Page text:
In contrast, genetically engineered foods have arrived on Canadian supermarket shelves, and dinner tables, with starding speed and scant publicity. Since Ottawa cleared the first re-engineered farm crop in May, 1994, the number of genetically modified farm plants grown in Canada has risen to about 40. Currendy, about 2.8 million hectares—four per cent of Canadian farmland—are growing genetically modified canola, corn, potato and tomato crops. Most of the harvested produce is not segregated, but mixed in with conventionally grown foods. As a result, foods with at least some biotech characteristics are becoming pervasive—and North America has no requirements that they carry identifying labels. Experts say that many processed foods containing soy or corn products—particularly candy bars, desserts and snack foods—contain genetically modified ingredients.

Are they a health hazard? The evidence so far is inconclusive, but critics caution that genetically engineered foods could have unpredictable effects on humans, potentially running the gamut from allergic reactions all the way

to cancer and other diseases. “When you insert genes into an organism,” says Elisabeth Abergel, a geneticist at Toronto’s York University, “you’re creating new proteins. The result could be something you hadn’t expected—and we have no idea what they might do to human health over the long term.”

Evidence of possible health risks that surfaced in Scotland last year generated a heated debate. Scientist Arpad Pusztai at

Aberdeen’s Rowett Research Institute reported that rats that ate genetically modified potatoes for 110 days suffered from stunted growth and weakened immune systems. But the institute itself subsequently condemned Pusztai’s research techniques and forced him into retirement. Pusztai, an internationally respected authority on plant-generated toxins, stood by his findings. While conceding that his study was not conclusive, he said it did suggest that genetically altered crops need much more thorough testing before being consumed by humans. “We are asking for less haste and more testing,” he said.

Industry and government officials insist that biotech foods are tested before going on sale in Canada. “The approval system is rigorous and comprehensive,” says Karen McIntyre, Health Canada’s head of food biotechnology. But under

Ottawa’s current regulations, health testing for biotech foods is not mandatory. For now, biotech firms, including Monsanto, British-based Zeneca and Germany’s AgrEvo and their Canadian subsidiaries, are voluntarily submitting the results of animal studies and laboratory tests to federal regulators. A slightly tougher rule requiring firms to notify Health Canada of new genetically modified plants is expected to come into effect later this year.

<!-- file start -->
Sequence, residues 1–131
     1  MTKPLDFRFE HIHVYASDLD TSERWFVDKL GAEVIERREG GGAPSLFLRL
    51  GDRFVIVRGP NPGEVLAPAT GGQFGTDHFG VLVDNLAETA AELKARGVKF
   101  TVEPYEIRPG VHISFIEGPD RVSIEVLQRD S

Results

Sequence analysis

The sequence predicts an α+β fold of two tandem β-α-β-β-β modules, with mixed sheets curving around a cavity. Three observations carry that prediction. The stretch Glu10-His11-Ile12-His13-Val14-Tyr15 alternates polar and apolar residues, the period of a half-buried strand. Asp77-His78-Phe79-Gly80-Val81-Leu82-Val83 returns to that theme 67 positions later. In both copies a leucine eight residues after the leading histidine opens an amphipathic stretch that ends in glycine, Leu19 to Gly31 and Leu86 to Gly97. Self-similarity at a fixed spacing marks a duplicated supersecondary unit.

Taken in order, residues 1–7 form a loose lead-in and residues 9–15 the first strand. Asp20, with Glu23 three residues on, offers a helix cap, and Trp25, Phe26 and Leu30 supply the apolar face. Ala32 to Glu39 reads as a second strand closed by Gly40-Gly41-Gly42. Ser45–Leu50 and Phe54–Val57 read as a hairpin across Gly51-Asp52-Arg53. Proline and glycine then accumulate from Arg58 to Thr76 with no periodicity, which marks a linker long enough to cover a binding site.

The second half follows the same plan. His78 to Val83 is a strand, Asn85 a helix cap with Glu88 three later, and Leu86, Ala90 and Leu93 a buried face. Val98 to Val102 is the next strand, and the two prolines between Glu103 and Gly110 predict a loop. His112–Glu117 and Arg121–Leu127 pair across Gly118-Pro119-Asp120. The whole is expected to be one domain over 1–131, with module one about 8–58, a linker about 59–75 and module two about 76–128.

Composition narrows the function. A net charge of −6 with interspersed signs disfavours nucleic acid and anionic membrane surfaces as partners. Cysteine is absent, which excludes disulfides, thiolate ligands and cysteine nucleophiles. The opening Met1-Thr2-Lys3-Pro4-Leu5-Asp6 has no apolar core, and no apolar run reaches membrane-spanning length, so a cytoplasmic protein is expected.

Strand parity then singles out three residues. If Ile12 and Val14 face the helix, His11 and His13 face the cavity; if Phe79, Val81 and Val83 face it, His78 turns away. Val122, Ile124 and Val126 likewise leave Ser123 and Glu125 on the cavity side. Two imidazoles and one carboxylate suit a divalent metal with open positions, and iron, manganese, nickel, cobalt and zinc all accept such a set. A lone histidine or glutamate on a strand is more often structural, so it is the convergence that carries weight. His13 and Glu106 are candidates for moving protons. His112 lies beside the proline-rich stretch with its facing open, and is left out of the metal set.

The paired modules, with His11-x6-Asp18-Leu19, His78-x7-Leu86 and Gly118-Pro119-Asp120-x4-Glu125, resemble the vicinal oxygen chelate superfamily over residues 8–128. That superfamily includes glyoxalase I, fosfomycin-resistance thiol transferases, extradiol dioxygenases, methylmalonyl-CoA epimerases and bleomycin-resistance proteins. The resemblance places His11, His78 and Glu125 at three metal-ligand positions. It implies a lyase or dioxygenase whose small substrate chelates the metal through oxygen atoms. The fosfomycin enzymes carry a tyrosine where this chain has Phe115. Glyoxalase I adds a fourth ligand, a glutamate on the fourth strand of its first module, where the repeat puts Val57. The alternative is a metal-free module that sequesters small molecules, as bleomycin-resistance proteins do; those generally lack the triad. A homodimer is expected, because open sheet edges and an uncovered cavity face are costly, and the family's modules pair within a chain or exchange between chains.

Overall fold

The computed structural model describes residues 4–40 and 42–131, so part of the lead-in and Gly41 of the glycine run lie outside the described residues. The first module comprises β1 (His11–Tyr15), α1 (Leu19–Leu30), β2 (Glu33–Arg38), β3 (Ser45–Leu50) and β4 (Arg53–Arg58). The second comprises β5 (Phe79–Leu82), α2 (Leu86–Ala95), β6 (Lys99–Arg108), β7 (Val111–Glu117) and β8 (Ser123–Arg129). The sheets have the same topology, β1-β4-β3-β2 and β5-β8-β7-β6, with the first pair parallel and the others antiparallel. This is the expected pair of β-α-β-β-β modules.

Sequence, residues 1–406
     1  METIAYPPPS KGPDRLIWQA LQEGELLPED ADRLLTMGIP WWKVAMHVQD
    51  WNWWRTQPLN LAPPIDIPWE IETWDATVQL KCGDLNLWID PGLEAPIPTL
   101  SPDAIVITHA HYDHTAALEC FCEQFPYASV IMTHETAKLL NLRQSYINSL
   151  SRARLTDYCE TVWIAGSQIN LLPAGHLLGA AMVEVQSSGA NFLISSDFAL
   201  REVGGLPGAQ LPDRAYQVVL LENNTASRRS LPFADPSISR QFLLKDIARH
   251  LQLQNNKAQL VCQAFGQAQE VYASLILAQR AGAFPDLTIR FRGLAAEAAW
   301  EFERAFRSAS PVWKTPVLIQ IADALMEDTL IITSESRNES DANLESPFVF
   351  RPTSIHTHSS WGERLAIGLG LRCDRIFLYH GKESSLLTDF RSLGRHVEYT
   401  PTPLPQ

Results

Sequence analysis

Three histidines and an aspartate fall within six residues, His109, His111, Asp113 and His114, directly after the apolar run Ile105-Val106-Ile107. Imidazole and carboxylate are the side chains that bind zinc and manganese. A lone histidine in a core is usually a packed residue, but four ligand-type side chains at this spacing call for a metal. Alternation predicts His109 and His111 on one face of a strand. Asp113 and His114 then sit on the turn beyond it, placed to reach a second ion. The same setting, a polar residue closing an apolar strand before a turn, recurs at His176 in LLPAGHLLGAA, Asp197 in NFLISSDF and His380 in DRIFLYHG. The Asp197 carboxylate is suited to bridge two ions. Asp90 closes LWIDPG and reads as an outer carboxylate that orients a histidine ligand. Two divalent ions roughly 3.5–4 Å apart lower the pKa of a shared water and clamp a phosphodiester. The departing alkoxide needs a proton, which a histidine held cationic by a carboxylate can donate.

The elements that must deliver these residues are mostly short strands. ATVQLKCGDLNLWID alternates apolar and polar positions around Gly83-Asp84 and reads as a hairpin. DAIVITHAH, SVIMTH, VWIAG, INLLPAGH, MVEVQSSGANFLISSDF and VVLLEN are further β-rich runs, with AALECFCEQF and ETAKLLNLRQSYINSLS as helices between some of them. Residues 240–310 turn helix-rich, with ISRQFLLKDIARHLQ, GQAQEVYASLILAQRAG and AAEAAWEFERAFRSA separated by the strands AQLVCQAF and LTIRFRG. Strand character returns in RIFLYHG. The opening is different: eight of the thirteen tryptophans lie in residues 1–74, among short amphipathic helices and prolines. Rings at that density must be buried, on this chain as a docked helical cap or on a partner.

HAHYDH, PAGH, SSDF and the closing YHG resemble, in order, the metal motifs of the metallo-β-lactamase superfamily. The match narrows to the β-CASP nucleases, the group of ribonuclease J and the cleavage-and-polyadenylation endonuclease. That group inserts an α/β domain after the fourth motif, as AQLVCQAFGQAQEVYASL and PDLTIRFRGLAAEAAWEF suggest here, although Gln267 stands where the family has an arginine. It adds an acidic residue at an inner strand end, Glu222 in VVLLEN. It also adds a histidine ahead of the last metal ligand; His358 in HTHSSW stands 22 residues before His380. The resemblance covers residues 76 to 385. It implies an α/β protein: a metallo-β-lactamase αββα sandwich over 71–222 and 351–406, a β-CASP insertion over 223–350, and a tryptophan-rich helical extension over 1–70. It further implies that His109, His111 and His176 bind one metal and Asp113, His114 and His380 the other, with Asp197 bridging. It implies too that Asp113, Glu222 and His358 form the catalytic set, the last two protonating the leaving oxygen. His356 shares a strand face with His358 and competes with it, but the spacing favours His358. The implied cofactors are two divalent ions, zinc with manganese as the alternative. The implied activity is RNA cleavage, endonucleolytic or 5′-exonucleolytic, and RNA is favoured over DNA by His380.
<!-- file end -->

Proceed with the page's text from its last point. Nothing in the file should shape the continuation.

Critics fear the approval process is compromised. Ottawa has made the nurturing of biotech industries a cornerstone of its industrial strategy —it poured more than $300 million into biotech research and development last year. “Federal officials,” says Abergel, “will tell you, ‘Oh, we have a great regulatory system—we know what we’re doing.’ But you have to wonder. I think there’s a big conflict of in’s terest here.” And, she adds, be| cause federal regulations do not ~ put genetically modified foods 5 into a special category—or reír quire product labelling—those foods “become sort of invisible in terms of public awareness.” The issue could become more visible. Academic scientists are beginning to express concerns about the potential for re-engineered plants to run amok. Their fear is that genetically altered plants could pass on their new genes to wild relatives and pose unknown environmental risks as they shed into the soil some of the genetic material added to make plants insect-resistant. And the possibility remains that the Canadian public will react against its lack of knowledge about what it is eating. “Canadians have heard what is going on in Europe,” says Judy Wasylycia-Leis, the federal New Democratic Party health critic. “Canadians need to know that these new foods are safe to eat, and not destructive to the environment. At the moment, we have no assurances at all.” As the alarm is rung, genetically altered food has already found its place in the Canadian diet. EZ]